"Over the next few years the boardrooms of America are going to light up with hot flashes." -- Gail Sheehy
Gail Sheehy (born November 27, 1937 in Mamaroneck, New York) is an American writer and lecturer, most notable for her books on life and the life cycle. She is also a contributor to the magazine Vanity Fair.
Her fifth book, Passages, has been called "a road map of adult life". Several of her books continue the theme of passages through life's stages, including menopause and what she calls "Second Adulthood", including Pathfinders, Spirit of Survival, and Menopause: The Silent Passage. Her latest book, Sex and the Seasoned Woman, reveals a hidden cultural phenomenon: a surge of vitality in women's sex and love lives after age fifty. She has also authored a biography of Hillary Rodham Clinton titled Hillary's Choice. Her novel Middletown, America is being adapted as a TV miniseries.
Sheehy attended the University of Vermont where she was a member of Alpha Chi Omega sorority and received a graduate degree in journalism from Columbia University.
"Ah, mastery... what a profoundly satisfying feeling when one finally gets on top of a new set of skills... and then sees the light under the new door those skills can open, even as another door is closing.""All changes, even the most longed for, have their melancholy; for what we leave behind is a part of ourselves; we must die to one life before we can enter into another!""Changes are not only possible and predictable, but to deny them is to be an accomplice to one's own unnecessary vegetation.""Creativity can be described as letting go of certainties.""Growth demands a temporary surrender of security.""If every day is an awakening, you will never grow old. You will just keep growing.""If we don't change, we don't grow. If we don't grow, we aren't really living.""It is a paradox that as we reach out prime, we also see there is a place where it finishes.""No sooner do we think we have assembled a comfortable life than we find a piece of ourselves that has no place to fit in.""Sex and older women used to be considered an oxymoron, rarely mentioned in the same breath.""The delights of self-discovery are always available.""The perceptions of middle age have their own luminosity.""The secret of a leader lies in the tests he has faced over the whole course of his life and the habit of action he develops in meeting those tests.""There is no more defiant denial of one man's ability to possess one woman exclusively than the prostitute who refuses to redeemed.""To be tested is good. The challenged life may be the best therapist.""When men reach their sixties and retire, they go to pieces. Women go right on cooking.""Would that there were an award for people who come to understand the concept of enough. Good enough. Successful enough. Thin enough. Rich enough. Socially responsible enough. When you have self-respect, you have enough."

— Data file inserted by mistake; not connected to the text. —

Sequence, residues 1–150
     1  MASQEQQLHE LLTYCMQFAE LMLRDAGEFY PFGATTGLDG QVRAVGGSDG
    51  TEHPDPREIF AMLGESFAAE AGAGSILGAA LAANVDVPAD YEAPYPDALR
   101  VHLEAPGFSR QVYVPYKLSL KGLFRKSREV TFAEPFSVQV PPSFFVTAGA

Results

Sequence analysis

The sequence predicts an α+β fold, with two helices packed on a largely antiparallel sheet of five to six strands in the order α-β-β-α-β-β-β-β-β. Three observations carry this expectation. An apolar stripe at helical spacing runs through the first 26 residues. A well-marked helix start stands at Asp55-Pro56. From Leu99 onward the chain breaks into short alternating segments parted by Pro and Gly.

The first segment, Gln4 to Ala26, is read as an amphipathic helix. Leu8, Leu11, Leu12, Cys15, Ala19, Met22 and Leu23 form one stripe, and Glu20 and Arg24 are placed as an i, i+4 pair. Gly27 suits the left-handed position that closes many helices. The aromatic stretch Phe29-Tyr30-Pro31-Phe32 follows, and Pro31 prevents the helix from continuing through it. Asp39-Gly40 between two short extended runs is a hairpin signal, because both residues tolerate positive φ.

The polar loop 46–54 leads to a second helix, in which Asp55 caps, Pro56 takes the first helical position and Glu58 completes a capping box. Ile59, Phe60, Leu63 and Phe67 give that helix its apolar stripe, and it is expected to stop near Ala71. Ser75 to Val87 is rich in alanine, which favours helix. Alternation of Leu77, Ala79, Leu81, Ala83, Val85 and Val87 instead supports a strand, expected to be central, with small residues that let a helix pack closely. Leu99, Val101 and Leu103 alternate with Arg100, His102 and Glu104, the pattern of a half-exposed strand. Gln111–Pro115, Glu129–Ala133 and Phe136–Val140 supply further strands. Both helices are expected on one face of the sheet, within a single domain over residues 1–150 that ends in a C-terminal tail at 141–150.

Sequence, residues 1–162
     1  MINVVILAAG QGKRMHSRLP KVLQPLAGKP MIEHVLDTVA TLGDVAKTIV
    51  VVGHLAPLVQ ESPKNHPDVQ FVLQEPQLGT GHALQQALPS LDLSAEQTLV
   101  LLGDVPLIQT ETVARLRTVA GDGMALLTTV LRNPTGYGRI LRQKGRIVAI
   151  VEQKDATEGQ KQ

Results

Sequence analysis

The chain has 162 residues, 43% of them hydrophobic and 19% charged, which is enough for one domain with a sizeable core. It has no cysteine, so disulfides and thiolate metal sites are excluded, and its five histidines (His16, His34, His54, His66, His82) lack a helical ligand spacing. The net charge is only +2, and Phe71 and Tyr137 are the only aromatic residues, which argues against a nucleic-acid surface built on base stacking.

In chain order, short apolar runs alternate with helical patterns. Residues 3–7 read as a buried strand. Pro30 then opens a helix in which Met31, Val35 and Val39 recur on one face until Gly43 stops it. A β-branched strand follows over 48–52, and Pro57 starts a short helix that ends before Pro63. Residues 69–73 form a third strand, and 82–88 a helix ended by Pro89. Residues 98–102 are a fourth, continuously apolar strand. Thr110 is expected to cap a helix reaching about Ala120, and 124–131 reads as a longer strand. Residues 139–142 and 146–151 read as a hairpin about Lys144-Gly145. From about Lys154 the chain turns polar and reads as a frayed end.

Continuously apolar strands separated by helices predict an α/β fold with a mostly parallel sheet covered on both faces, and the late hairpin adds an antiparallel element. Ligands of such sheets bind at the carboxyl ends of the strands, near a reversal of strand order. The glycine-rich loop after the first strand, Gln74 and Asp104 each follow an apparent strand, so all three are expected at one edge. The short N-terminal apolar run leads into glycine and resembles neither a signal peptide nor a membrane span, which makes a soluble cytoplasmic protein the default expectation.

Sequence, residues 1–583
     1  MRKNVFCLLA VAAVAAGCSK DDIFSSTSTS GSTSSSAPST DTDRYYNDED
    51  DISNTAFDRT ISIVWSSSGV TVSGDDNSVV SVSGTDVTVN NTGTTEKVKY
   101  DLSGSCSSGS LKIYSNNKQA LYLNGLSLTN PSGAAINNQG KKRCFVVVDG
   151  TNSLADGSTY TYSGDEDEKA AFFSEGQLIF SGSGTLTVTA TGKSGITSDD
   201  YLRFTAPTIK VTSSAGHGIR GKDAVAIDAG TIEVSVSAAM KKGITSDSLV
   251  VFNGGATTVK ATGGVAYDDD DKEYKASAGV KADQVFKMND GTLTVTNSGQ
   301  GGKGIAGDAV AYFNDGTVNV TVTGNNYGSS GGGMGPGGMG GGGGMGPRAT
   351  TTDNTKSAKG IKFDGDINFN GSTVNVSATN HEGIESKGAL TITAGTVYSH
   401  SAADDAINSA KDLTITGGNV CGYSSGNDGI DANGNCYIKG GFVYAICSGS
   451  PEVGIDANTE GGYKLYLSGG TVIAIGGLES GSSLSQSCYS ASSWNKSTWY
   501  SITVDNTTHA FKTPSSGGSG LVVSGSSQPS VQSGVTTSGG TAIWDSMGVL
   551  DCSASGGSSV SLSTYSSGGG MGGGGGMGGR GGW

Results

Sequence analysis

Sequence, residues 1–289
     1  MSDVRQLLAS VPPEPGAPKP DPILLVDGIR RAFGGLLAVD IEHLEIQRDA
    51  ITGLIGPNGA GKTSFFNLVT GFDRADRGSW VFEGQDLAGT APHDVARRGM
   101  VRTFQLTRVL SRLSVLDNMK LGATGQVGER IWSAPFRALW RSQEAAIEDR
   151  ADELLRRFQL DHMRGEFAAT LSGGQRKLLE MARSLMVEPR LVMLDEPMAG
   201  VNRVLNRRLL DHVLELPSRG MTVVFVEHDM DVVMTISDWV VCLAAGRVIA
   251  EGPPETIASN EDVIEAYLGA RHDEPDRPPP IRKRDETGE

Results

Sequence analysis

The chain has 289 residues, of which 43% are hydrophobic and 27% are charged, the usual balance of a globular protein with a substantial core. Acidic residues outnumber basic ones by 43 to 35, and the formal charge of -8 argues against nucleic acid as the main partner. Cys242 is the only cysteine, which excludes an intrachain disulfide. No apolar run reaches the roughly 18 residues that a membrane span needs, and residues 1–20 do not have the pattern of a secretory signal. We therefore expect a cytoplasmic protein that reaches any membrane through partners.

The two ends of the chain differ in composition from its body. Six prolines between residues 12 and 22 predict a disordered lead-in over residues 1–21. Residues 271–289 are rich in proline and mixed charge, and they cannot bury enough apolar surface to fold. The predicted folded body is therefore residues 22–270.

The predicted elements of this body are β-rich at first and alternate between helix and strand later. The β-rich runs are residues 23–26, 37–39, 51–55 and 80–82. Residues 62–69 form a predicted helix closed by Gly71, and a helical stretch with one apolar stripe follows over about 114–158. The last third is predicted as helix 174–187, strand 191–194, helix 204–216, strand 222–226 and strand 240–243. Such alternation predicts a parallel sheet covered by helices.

Her book Passages was a national bestseller. A plagiarism lawsuit was filed against Sheehy by Roger Gould, a psychiatrist at the University of California at Los Angeles, who accused her of stealing from his work. The suit was settled out of court, with Gould receiving $10,000 and 10% of Sheehy's royalties.
Sheehy also borrows heavily from authors such as Daniel J. Levinson et al., authors of Seasons of a Man's Life. However these authors did not prosecute Sheehy for her early publication of their findings.
The Art Science Research Laboratory, a New York-based group that examines news articles for factual accuracy, released a 65-page report based on an article Gail Sheehy published in The New York Observer on February 16, 2004, which was critical of the 9/11 Commission.
"To publicly accuse parties of potential criminal wrongdoing is serious and damaging. That the accusations were based on facts that were only later checked and proven wrong is especially egregious," Shearer wrote in the report. "The 9/11 Commission and specifically [Executive Director] Philip Zelikow were defamed."